With the JUSTICE LEAGUE making their anticipated cinematic debut, and Superman rising back from the dead to join them (SPOILER ALERT, my ass), Awfully Good Movies returns to finally tackle the movie that kicked Superman off the big screen for nearly 20 years, as Christopher Reeve stars in SUPERMAN IV: THE QUEST FOR PEACE!
Halloween is almost here again, and Awfully Good Movies is celebrating the arrival of the witching hour by revisiting a creepy family comedy that some of you may remember from your childhoods: 1989's LITTLE MONSTERS, starring Fred Savage and Howie Mandel! You know when you were a kid and thought that there was a monster underneath your bed?
This weekend, Harrison Ford is back on the hunt for replicants alongside Ryan Gosling in BLADE RUNNER 2049, so Awfully Good Movies is going to activate a cinematic program from the cyberpunk genre that BLADE RUNNER helped influence: 1992’s FREEJACK, starring Emilio Estevez, Mick Jagger, Rene Russo and Anthony Hopkins!
I was so scared last Thanksgiving, in the wake of the election, that we wouldn’t be here to see another one. The fact that we’ve made it here goes to show that hate doesn’t stand a chance in the face of love.
Thankful for all of you on a very Happy Thanksgiving. 🦃🍁🍽 https://t.co/MuxDOzRFXg
Muck Rack makes it simple to find people, tweets, or articles that mention any name, keyword, company, hashtag etc. We've compiled this guide to help you make the most of your search.
Selecting a term
Start searching tweets, articles from media outlets, articles mentioned in tweets, journalists'
names, titles and bios with some suggested searches:
Companies or Topics (e.g. iPhone, Microsoft)
Phrases (e.g. "cloud computing") — use quotes to keep the terms together
Twitter handles (e.g. @username) — returns those who have mentioned or replied to
Names (e.g. "David Pogue")
Hashtags (e.g. #sxsw, #london2012)
Bio details (e.g. vegan, Olympics, father)
Muck Rack's Advanced Search allows for many boolean operators.
Find results that mention multiple specified terms, use AND or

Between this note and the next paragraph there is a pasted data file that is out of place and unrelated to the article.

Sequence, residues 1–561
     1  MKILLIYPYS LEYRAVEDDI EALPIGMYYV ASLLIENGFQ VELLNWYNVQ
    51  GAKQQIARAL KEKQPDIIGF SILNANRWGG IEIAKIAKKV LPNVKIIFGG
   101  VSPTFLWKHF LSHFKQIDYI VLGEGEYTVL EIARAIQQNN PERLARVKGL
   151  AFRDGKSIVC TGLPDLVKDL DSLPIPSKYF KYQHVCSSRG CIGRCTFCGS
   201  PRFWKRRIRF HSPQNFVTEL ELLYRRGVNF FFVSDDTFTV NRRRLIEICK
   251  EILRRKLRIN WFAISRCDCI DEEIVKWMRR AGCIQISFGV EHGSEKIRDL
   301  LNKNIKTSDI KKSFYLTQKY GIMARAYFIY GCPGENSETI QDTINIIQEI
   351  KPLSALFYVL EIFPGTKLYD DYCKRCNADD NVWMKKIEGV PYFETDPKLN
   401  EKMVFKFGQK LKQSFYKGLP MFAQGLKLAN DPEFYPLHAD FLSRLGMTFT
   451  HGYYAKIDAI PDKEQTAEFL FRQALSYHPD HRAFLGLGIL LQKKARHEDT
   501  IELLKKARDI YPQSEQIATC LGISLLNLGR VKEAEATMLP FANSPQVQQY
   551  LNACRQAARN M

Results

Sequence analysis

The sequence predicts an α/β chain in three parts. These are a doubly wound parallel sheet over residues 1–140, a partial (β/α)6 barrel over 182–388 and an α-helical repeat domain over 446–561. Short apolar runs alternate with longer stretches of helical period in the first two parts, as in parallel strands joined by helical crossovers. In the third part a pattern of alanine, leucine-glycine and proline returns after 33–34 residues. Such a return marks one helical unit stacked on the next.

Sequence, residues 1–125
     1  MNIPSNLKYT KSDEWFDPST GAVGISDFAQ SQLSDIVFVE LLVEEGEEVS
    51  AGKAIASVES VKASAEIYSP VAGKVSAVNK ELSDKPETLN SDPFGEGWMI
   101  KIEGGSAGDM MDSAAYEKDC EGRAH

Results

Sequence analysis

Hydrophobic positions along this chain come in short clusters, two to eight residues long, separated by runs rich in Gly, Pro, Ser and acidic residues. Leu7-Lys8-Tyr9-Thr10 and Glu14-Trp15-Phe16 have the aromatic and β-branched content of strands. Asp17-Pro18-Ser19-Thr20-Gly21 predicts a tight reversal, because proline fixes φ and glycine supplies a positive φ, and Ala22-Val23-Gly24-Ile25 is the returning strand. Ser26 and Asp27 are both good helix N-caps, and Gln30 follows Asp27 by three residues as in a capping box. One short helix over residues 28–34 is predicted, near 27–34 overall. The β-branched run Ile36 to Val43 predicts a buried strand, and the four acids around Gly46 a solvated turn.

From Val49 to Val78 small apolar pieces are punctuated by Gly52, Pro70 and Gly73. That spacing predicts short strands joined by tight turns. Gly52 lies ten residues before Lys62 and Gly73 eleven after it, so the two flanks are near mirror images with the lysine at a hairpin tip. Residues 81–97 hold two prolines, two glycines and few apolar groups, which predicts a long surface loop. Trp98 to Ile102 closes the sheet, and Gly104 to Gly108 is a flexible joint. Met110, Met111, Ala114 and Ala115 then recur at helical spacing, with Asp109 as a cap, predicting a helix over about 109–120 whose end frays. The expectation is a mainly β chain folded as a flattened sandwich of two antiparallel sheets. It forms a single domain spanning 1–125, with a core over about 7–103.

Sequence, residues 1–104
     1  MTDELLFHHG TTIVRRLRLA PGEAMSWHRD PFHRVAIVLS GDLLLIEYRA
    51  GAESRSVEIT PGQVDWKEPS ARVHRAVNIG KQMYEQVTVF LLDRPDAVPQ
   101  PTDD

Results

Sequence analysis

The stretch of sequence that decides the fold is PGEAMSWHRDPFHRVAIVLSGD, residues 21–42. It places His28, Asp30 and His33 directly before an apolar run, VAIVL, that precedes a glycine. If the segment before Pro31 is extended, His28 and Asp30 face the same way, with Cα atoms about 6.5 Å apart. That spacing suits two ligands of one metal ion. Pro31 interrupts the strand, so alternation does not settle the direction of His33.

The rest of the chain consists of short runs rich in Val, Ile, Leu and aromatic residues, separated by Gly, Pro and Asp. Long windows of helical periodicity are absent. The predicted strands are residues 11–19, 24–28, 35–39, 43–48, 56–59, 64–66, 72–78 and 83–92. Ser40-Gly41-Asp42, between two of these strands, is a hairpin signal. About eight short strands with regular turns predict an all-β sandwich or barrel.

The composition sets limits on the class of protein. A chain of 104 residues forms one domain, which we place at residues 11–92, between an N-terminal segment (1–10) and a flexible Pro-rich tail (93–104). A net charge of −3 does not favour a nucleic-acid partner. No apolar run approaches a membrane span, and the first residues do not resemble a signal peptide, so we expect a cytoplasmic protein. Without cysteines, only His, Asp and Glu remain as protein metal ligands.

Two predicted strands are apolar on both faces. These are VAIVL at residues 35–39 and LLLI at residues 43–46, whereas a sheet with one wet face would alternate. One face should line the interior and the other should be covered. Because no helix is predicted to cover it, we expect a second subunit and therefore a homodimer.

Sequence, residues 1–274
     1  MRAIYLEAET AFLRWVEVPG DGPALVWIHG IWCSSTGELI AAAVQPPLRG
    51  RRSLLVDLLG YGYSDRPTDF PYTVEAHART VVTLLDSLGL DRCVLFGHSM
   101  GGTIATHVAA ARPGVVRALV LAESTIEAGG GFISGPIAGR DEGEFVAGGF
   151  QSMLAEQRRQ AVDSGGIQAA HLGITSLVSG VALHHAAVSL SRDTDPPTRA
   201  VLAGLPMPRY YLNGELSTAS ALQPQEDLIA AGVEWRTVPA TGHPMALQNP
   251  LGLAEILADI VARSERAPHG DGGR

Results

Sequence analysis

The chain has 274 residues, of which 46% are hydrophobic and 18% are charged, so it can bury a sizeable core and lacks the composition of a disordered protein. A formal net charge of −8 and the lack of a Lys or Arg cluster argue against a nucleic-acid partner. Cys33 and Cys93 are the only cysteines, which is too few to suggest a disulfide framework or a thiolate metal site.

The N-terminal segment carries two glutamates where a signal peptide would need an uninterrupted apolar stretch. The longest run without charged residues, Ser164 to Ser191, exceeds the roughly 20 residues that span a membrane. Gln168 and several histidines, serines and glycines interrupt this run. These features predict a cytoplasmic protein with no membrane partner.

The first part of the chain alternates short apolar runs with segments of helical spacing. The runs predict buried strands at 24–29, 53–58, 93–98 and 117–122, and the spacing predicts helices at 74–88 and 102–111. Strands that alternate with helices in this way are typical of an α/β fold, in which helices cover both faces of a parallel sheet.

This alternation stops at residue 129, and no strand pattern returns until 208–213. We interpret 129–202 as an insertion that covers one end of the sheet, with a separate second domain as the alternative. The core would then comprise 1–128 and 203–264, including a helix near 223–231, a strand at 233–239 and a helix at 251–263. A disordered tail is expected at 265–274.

+. For example, ensure each result contains both Elon Musk and Mark Zuckerberg by
searching Musk AND Zuckerberg or Musk + Zuckerberg.
Use the operators OR or , to broaden your search when you'd like either of
multiple terms to appear in results. (This is the default behavior of our search when no operators
are used). For example, results will contain either cake or cookie by searching cake OR cookie or cake,cookie
Use NOT or - to subtract results from your search. For
example, searching Disney will yield results about the Walt Disney Company as well as Walt Disney
World Resort. To exclude mentions of Disney World, search for Disney -World or Disney
When using one of these operators with a phrase, enclose it in quotation marks. For example, you can
find results about smartphones excluding Apple's iPhone 4S by searching smartphone -"iPhone
Exact case matching or punctuation
If you're searching for a brand name or keyword that relies on specific punctuation marks or capitalization, you can
find results that match your exact query by adding matchcase: before the keyword you're searching for, like matchcase:E*TRADE .
Use parentheses to separate multiple
boolean phrases. For example, to find journalists talking about having fun in Disney World or
Disneyland, search for ("disney world" OR disneyland) AND fun.
An asterisk can be used to search for any variation of a root word truncated by the asterisk. For example, searching for admin* will return results for administrator, administration, administer, administered, etc.
A near operator is an AND operator where you can control the distance between the words. You can vary the distance the near operation uses by adding a forward slash and number (between 0-99) such as strawberries NEAR/10 "whipped cream", which means the strawberries must exist within 10 words of "whipped cream".